Often we hear the call to “just say no” to bad deals. When studio photographers are faced with meeting monthly obligations, while at the same time trying to do what is best for the long term and best for the trade, frequently, it is the monthly obligations that become the highest priority. Individuals must make decisions governed by the real world and, more often than not, they do so in light of short-term economic necessity. The long view is a luxury that many photographers cannot afford.
I have come to understand that there is more than one path to success. What is right for one photographer may not be right for another. However, some principles apply across the board:
You will never be hurt by being a good businessperson. Knowing and understanding the value of your work is a key component to success and is as important as knowing your cost of doing business. Photographers frequently undervalue jobs for fear of losing assignments. As a strategy, I always wanted to start high with my estimates and then be seen as accommodating when I was willing to negotiate. Whenever I submitted an estimate and it was accepted without comment, I knew that I had left money on the table. It is important to know what your monthly overhead really is (remembering to factor in all expenses) to determine whether you are making money.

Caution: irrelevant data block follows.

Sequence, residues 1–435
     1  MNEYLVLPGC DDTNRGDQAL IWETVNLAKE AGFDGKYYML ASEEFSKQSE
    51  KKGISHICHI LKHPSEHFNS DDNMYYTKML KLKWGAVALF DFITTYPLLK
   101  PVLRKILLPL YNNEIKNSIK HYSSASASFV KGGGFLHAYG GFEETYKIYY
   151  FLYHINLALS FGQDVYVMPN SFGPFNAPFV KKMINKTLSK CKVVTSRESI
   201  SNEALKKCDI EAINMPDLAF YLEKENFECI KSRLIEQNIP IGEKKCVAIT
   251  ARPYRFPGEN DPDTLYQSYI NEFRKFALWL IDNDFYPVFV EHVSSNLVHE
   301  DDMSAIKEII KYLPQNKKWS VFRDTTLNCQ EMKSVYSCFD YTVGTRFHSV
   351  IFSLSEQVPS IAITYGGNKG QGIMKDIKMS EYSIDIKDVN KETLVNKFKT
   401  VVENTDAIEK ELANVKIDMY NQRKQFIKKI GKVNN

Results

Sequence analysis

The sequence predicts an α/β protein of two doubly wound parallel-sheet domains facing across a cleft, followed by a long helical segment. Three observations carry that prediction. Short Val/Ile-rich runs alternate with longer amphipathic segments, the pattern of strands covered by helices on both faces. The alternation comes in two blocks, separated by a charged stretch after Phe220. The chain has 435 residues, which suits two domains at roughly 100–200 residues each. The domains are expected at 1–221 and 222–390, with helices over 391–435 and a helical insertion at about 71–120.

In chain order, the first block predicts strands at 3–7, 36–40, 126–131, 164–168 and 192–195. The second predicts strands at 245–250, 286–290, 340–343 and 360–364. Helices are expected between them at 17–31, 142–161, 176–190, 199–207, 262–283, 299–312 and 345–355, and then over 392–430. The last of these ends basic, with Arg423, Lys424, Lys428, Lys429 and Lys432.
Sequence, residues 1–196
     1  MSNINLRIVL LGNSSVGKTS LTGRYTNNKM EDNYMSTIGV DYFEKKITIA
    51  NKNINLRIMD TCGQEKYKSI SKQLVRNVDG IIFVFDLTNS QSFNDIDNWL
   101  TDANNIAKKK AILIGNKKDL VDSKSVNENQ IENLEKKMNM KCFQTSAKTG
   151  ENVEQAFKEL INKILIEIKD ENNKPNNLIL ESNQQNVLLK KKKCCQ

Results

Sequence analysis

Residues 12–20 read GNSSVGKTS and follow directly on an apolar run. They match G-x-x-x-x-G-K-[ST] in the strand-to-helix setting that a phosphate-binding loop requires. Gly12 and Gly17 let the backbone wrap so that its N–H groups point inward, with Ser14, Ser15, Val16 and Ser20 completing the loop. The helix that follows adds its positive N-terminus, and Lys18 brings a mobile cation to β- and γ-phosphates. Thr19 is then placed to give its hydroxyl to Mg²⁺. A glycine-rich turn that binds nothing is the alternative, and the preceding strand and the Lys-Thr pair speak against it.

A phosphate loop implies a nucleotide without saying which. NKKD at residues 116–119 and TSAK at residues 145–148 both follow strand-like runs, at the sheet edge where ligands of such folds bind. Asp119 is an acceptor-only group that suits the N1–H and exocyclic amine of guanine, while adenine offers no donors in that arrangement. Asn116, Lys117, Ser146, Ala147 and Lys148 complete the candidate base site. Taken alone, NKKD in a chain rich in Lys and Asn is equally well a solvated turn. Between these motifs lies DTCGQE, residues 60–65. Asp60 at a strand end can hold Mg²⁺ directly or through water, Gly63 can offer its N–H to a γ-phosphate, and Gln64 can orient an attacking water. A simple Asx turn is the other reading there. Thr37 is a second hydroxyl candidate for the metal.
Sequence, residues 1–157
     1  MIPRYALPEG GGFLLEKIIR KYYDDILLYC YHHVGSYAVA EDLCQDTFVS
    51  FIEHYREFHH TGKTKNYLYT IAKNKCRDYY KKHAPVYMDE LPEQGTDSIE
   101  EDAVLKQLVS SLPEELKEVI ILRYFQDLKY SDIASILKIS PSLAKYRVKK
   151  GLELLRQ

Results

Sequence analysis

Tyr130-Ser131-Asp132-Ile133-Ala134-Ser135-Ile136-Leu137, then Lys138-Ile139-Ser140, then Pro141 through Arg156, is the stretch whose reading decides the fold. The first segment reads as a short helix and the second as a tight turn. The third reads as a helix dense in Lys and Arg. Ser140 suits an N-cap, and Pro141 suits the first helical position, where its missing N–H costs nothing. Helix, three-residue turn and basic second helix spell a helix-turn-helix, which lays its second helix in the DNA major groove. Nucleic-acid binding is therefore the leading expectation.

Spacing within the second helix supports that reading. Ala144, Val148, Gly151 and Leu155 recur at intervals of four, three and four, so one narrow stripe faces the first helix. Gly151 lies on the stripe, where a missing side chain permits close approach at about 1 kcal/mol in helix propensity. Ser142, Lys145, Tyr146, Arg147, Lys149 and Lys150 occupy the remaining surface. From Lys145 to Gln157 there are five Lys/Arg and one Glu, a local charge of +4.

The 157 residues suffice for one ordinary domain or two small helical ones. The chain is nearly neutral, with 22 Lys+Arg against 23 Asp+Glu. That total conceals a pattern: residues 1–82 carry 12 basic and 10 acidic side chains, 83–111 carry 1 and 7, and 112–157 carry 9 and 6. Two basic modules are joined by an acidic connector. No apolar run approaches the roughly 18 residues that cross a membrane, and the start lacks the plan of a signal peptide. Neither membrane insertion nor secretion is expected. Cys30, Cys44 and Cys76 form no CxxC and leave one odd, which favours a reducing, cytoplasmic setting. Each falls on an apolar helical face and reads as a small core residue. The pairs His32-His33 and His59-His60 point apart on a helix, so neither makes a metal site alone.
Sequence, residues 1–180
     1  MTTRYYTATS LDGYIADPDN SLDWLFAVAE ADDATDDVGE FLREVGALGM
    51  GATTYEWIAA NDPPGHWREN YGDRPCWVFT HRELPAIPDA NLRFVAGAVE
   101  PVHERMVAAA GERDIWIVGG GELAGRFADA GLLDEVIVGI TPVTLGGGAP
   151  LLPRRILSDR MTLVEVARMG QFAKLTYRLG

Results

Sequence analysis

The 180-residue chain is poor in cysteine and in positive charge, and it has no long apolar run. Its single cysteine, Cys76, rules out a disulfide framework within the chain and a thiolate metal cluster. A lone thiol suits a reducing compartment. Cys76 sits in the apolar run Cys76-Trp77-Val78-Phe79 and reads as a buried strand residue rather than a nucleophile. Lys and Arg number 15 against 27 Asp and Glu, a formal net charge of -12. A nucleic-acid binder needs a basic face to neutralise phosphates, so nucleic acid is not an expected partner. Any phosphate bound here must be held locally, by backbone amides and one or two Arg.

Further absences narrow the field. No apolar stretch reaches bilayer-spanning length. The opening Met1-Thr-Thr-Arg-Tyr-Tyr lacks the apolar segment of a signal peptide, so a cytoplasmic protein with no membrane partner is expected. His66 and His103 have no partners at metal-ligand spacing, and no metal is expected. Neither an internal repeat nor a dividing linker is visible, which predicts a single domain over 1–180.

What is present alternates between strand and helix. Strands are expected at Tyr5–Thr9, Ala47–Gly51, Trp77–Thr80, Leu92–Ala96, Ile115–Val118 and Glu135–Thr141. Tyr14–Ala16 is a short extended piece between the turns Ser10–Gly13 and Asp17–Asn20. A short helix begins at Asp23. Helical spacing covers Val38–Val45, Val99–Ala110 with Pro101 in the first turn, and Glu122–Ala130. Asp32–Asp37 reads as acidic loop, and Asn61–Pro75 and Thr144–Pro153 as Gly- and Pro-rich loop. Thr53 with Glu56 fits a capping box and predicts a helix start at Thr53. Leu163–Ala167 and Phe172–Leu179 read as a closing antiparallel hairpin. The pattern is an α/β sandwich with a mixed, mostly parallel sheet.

Never stop marketing and seeking out new clients. The tendency is to slack off on promotion when you are busy; then, when you are slow, it takes that much longer to get moving again. New client development must be part of your routine. Today, with the Internet, your access to potential national and international markets has never been better. Stay fresh in your approach to your subjects. A career in photography is an ongoing process of reinvention, involving moves to better clients as your career lengthens. In order to raise your rates, it often is necessary to move on.
Embrace technology. At a minimum, you should be digitally conversant, if not proficient. The potential is enormous. You can now sculpt images with the advantage of instant feedback to be certain that the images fulfill the clients’ needs. With digital technology, you can see your range of focus and image content far better than you ever could with a loupe and a Polaroid. Your ability to white-balance and change color profiles is extraordinary. While increasing control and productivity, digital photography has created a substantial back-end workload. The tasks of editing, profiling, retouching, creating output files, archiving and so on are time-based skills to factor into your assignments. These tasks should become a profit center, not an annoyance.
Stay connected. Professional associations such as ASMP have much to offer: information in the form of business and legal resources to help you succeed; education in the form of traveling “It’s Your Business” seminars, specialty-group and member-only listservs, and regular chapter meetings; and advocacy in the form of contract analysis and support. General members are listed in the widely used and searchable FindaPhotographer.org client database. Finally, along with discounts on services and offers on commercial and health insurance, associations offer the opportunity for photographers to exchange information with peers on local issues of interest.
Continue to take joy in your work and the images that you create. It is your professional vision, sensitivity, experience and understanding that both record and change our world.